Is there a thing in your life that you really want to spend more time on but you don’t? Like working on a business idea on the side, picking up that forgotten hobby of yours, working out, or spending more quality time with your family? Let me guess: the problem is that you just don’t have the time for it?
Let me answer to that: Bullshit. You have time for everything that matters. IF it matters enough to you. And if you don’t have the time for it, it’s just a matter of priorities. In reality, you are setting your priorities in a way that doesn’t leave time for anything else. Or, you are not very effective and efficient at swimming in the sea of daily commitments and distractions which tend to set priorities for us without asking.
It’s time to reclaim your day. So here are some tips to make it easier for you to shift your priorities and make room for that extra project of yours.
Be clear on what matters and your motivation for doing so
First of all, you have to be crystal clear on what that thing is you want to spend more time on. Just saying “I wish I had more time” is pointless. You will only create that time if you are clear on what you want to spend it on and why. That ‘WHY’ is crucially important. What is your motivation for wanting to do it? I’m pretty sure you have good reasons but maybe they need to be at the forefront of your thinking when you make decisions about your time. So write them down! See yourself spending time on that thing and realize how good it will make you feel. Knowing your ‘why’ will give you a lot of energy to finally make time for what matters and get it done.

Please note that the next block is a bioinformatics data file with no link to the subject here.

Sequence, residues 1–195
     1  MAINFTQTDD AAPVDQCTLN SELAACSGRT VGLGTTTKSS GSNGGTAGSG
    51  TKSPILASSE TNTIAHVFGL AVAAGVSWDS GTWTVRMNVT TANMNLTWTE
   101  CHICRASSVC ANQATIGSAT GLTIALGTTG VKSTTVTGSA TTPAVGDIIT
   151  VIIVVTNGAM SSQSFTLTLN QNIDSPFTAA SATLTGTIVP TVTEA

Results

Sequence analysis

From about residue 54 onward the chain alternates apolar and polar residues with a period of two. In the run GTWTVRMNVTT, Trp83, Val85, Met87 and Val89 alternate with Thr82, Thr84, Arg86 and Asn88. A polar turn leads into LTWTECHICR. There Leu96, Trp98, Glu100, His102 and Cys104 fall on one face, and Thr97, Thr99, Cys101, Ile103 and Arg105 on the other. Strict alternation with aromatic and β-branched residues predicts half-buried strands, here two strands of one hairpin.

Do what matters first
There is a simple tactic for making time for your new project: do it first. Do it before your ‘regular day’ starts. If it’s exercise, do it before work. If it’s working on a business idea, do it before work. If it’s some form of work, don’t work on anything else before that one hour of important work is done.
Get up earlier
We all need enough sleep to have the energy necessary for a life full of work, interests, commitments and loved ones. But an hour per day can often be gained by getting up one hour earlier. If you snooze for an hour anyway, finally put your alarm clock at the other end of the room and your problem is solved. Since the beginning of the year I moved my wake up time from 8.30 am to 6.30 am and added a couple of awesome morning habits to my day. Sure, in the beginning it is painful but after a short while you start going to bed earlier. Usually, the last hour of the day is easily saved if it consists of mindless TV watching or checking your Facebook feed (as if you hadn’t already done that all day long…)